Separating the Eternal from the Temporal Aspects of Religion

We may view any major aspect of human life by its principle and primary significance for humanity, which we may call its “eternal” aspect, or we may view the specific manifestations in the life of humanity, with all its limitations, weaknesses and errors caused by the state of human evolution or local factors, therefore the “temporal” aspects of religion.  We can observe numerous horrendous acts and tragic events through history that have been blamed on religion, including discrimination, crusades, the “holy inquisition”, witch-burnings, and even genocidal warfare, not to mention the restrictions and suppression of the intellect and the truths of existence under the pretext of religious dogma asserted as the ultimate truth.  These errors of religion however can be understood as temporal manifestations that are distortions of the true eternal role of religion.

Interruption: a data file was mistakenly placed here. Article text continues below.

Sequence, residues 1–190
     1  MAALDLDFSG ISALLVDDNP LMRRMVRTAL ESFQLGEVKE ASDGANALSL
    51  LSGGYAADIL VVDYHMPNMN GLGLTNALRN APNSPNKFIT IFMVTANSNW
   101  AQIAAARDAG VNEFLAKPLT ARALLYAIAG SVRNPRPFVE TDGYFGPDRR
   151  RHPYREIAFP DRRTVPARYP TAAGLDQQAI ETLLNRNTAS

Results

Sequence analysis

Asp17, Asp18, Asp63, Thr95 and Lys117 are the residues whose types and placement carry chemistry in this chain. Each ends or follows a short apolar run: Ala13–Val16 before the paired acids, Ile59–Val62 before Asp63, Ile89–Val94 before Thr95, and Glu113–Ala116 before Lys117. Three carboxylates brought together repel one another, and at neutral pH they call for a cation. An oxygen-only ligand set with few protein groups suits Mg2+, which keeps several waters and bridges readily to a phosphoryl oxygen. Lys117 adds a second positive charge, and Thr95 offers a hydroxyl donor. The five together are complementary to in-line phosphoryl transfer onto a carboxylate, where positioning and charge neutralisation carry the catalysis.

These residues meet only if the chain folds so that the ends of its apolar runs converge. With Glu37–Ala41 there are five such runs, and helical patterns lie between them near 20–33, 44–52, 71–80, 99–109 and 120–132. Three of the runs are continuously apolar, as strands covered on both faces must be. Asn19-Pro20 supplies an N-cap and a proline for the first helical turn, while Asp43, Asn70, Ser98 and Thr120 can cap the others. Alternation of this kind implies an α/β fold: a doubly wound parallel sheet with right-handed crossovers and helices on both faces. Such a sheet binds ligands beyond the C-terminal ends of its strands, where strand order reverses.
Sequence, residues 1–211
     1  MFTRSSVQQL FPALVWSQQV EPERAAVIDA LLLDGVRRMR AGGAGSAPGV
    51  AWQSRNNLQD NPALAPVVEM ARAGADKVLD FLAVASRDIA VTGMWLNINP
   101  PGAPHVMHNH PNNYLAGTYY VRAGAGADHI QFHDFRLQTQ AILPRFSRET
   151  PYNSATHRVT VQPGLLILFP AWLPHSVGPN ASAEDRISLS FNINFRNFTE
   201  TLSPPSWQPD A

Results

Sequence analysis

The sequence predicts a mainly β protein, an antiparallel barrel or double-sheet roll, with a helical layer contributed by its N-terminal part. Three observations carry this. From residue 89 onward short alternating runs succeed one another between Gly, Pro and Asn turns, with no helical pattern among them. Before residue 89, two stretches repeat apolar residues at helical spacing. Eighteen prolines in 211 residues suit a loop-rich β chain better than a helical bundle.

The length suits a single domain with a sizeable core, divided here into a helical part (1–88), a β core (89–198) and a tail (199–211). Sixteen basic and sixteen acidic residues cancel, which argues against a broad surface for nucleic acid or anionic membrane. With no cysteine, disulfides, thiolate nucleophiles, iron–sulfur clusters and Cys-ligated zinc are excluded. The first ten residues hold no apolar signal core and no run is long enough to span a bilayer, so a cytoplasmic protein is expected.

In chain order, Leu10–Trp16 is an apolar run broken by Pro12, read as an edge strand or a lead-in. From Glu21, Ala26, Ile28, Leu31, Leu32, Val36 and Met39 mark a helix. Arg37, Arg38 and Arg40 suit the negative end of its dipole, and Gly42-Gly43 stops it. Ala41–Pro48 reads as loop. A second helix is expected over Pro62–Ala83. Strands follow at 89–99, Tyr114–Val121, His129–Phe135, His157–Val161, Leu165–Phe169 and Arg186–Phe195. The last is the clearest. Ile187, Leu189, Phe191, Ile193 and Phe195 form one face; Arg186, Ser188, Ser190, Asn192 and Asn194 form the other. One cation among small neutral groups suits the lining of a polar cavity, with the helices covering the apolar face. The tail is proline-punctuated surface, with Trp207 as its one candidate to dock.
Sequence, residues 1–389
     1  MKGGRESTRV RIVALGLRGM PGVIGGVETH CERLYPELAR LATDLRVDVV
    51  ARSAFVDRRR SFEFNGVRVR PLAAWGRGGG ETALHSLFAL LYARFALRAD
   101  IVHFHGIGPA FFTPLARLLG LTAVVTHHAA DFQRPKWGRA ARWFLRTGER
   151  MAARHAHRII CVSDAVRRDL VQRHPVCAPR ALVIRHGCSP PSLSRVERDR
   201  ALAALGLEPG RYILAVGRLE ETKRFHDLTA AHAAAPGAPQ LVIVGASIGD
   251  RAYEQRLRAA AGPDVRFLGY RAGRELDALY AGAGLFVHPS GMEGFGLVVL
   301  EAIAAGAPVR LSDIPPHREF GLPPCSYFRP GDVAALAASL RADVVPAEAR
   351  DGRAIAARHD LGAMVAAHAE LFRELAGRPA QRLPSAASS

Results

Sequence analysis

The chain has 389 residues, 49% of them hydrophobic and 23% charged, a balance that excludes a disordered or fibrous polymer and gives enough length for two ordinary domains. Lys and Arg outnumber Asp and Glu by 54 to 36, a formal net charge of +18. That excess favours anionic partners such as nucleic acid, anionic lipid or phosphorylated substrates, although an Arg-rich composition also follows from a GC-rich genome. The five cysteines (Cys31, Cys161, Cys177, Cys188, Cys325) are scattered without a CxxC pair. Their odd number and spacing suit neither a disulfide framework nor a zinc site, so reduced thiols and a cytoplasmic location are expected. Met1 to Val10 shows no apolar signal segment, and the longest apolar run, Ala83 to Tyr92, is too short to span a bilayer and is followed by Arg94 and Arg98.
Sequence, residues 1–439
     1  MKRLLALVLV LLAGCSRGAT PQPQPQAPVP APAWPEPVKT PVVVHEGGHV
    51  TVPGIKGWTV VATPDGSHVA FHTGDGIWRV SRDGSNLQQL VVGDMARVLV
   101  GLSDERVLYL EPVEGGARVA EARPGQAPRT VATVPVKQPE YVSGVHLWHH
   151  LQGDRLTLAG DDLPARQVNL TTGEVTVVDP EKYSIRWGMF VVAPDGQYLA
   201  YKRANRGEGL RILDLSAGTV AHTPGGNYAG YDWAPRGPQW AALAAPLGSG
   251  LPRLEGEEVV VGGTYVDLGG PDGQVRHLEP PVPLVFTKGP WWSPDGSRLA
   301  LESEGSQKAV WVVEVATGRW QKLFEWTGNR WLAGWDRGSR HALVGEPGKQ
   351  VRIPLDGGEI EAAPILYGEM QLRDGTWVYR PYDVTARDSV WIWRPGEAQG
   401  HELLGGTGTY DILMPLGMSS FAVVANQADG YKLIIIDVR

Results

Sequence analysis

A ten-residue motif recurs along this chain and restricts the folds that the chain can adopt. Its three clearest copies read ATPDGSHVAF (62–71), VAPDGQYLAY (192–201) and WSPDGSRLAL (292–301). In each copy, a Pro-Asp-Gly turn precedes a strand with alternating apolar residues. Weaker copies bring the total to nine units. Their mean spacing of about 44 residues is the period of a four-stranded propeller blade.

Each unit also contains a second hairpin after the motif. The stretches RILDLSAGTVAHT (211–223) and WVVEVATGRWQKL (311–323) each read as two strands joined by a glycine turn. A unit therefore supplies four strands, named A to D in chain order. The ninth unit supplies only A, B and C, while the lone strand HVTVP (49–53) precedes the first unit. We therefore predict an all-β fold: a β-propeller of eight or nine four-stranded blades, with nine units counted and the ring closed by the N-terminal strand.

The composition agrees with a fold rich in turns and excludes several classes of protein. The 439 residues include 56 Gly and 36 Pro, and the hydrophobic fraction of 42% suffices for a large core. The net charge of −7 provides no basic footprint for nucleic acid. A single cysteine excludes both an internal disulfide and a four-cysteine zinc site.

Sri Aurobindo observes:  “…But we must observe the root of this evil, which is not in true religion itself, but in its infrarational parts, not in spiritual faith and aspiration, but in our ignorant human confusion of religion with a particular creed, sect, cult, religious society or Church.  So strong is the human tendency to this error that even the old tolerant Paganism slew Socrates in the name of religion and morality, feebly persecuted non-national faiths like the cult of Isis or the cult of Mithra and more vigorously what it conceived to be the subversive and anti-social religion of the early Christians; and even in still more fundamentally tolerant Hinduism with all its spiritual broadness and enlightenment it led at one time to the milder mutual hatred and occasional although brief-lived persecution of Buddhist, Jain, Shaiva, Vaishnava.”

Sri Aurobindo, The Human Cycle: The Psychology of Social Development, Chapter 17,  Religion as the Law of Life, pp. 175-176

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